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Dueling gelatos

Gorgeous and Fiasco each have their strengths
By BRIAN DUFF  |  July 3, 2012

INDULGE YOURSELF Revel in the glory of summer with local gelato.

Despite all the talk about division in this country, we are living in an era where the most traditional of divisions, the one between adults and children, is disappearing. Preteens cultivate resumes, train like professional athletes, and casually discuss their sexual preferences. Meanwhile adults negotiate teenagerish careers of temporary work, play video games, go to Batman movies, and use sexuality to negotiate unresolved infantile anxieties. Gelato is the perfect dessert for times like these. Tasting it gives us a visceral experience of this convergence. The childish pleasures of ice cream seem more adult when translated through gelato's denser textures. And gelato allows grown-up subtleties of flavor to emerge even as we appreciate the nostalgic pleasures of a creamy, cool dessert.

The last year or so has brought Portland two gelato shops — Gorgeous Gelato and Gelato Fiasco, right across from each other on Fore Street in the Old Port. Both make their gelato fresh every day, on site, using traditional methods and fresh ingredients. Nonetheless, their approaches to gelato are different enough to offer two perspectives on the convergence of adulthood and childhood. With summer weather finally arriving in Maine, it's the perfect time to appreciate gelato's generational significance.

Gorgeous, currently in its second summer, seems at first glance like the more adult shop. It is run by recent immigrants from Italy — middle-aged parents from Milan (much like the folks who run Paciarino down the block). They are not veterans of the Italian gelato culture, but rather took college classes on gelato-making to facilitate a mid-career transformation. Fiasco in its first Portland summer (which has already won the Portland Phoenix readers' poll for Best Ice Cream Shop and Best Dessert Place), is run by guys in their 20s. But the Fiasco guys are the relative veterans, having opened their first shop in Brunswick when they were barely out of their teens.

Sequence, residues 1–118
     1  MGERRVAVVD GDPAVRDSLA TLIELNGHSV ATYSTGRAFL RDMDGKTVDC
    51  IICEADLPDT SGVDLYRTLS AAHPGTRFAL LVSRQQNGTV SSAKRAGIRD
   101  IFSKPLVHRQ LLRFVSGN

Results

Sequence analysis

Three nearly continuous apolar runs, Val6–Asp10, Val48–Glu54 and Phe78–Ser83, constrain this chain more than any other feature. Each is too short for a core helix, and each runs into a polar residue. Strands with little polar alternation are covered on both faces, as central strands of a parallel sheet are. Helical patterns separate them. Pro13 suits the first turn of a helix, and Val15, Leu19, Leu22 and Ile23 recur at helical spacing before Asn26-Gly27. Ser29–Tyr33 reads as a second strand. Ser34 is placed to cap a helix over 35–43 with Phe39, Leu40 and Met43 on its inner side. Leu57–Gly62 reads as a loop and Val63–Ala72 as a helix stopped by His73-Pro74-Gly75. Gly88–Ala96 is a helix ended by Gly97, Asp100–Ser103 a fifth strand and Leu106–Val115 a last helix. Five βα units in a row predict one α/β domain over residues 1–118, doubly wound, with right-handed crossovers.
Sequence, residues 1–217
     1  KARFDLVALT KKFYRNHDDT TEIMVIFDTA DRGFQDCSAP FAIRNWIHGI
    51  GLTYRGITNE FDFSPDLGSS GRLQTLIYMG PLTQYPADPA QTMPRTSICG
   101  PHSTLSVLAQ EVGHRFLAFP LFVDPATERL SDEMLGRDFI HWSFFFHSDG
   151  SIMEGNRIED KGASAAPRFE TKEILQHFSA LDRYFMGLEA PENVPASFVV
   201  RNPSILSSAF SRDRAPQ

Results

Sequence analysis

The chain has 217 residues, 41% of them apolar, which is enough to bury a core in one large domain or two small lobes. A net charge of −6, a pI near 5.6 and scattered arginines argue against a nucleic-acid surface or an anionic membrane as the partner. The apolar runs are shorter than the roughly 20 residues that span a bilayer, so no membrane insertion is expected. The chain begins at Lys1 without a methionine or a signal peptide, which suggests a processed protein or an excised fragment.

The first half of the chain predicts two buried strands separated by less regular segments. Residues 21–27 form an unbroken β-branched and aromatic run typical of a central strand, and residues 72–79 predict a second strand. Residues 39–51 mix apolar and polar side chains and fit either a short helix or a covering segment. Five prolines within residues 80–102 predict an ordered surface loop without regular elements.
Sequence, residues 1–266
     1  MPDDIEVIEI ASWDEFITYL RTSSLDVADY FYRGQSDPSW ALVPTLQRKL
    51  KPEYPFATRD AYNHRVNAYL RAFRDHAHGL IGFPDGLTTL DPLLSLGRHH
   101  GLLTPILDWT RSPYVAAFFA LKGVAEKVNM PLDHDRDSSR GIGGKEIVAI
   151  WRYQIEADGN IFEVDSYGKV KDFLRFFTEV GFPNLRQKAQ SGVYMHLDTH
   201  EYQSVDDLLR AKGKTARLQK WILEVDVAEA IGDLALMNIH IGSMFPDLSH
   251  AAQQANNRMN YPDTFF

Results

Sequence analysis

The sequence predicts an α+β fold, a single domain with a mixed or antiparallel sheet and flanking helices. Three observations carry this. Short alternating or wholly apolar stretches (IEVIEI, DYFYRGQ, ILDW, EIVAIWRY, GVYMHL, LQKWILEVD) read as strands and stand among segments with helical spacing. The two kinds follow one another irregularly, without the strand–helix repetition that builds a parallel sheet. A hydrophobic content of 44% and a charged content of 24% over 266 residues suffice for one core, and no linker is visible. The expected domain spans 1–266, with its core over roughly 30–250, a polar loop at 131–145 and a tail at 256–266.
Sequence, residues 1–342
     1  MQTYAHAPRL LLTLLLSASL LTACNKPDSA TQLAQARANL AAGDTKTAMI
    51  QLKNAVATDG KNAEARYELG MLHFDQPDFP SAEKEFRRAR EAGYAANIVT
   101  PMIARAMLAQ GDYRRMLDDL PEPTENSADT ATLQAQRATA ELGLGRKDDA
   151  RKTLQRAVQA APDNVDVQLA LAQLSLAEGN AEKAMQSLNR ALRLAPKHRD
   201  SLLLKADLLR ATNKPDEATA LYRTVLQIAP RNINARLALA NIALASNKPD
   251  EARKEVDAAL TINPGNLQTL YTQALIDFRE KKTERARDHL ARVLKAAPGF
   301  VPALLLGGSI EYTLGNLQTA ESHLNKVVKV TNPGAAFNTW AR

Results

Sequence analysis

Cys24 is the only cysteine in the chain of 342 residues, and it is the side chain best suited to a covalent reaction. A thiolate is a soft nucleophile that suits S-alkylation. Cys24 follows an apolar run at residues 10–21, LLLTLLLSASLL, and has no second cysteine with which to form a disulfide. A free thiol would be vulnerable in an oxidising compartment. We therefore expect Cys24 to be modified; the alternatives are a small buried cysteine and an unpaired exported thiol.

These life-cycle complexities emerge in the taste and texture of the gelato itself. The essence comes down to this: Gorgeous Gelato offers a creamier, more mouth-coating gelato, while Fiasco offers something slightly denser and more flavor-intense. The reason is simple: Gorgeous uses some cream in its mix, and Fiasco relies on whole milk alone.

Each version has its distinctive pleasures. The creamier Gorgeous version is a step closer to the comforting textures of ice cream, and is a perfect base to feature the crisp sweetness of real cane sugar. So its dark chocolate gelato flavor, for example, is plenty rich, but is also sweet, with the hint of bitter cocoa flavor only emerging as the second note as it melts on your tongue. The cantaloupe gelato also lets the flavor remain subtle and trusts the sugar to do its pleasing work. The lemon is sweet-sharp and perfectly traditional — transporting my buddy back to his New Jersey childhood.

Fiasco gets a little bolder with its flavors, including sharp spices and liquors, and its particular mix leaves them relatively undiluted by creaminess and sugars. The results are striking. The ginger-cardomom sends the tangible sharpness of fresh ginger right into your sinuses, followed by a sort of chai-tea milkiness. The strawberry in several flavors was so fresh and dense you could almost taste the dirt from the field; the mango seemed a pure distillation of the fruit. Pomegranate lime offered dark grapey flavor, with a sour kick behind. In the dark-chocolate based flavors the richness threatened to overwhelm the gelato experience — but when mixed with hazelnut it mellowed nicely. The cherry-chocolate seemed truly confectionery.

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  Topics: Food Features , dessert, gelato, ice cream,  More more >
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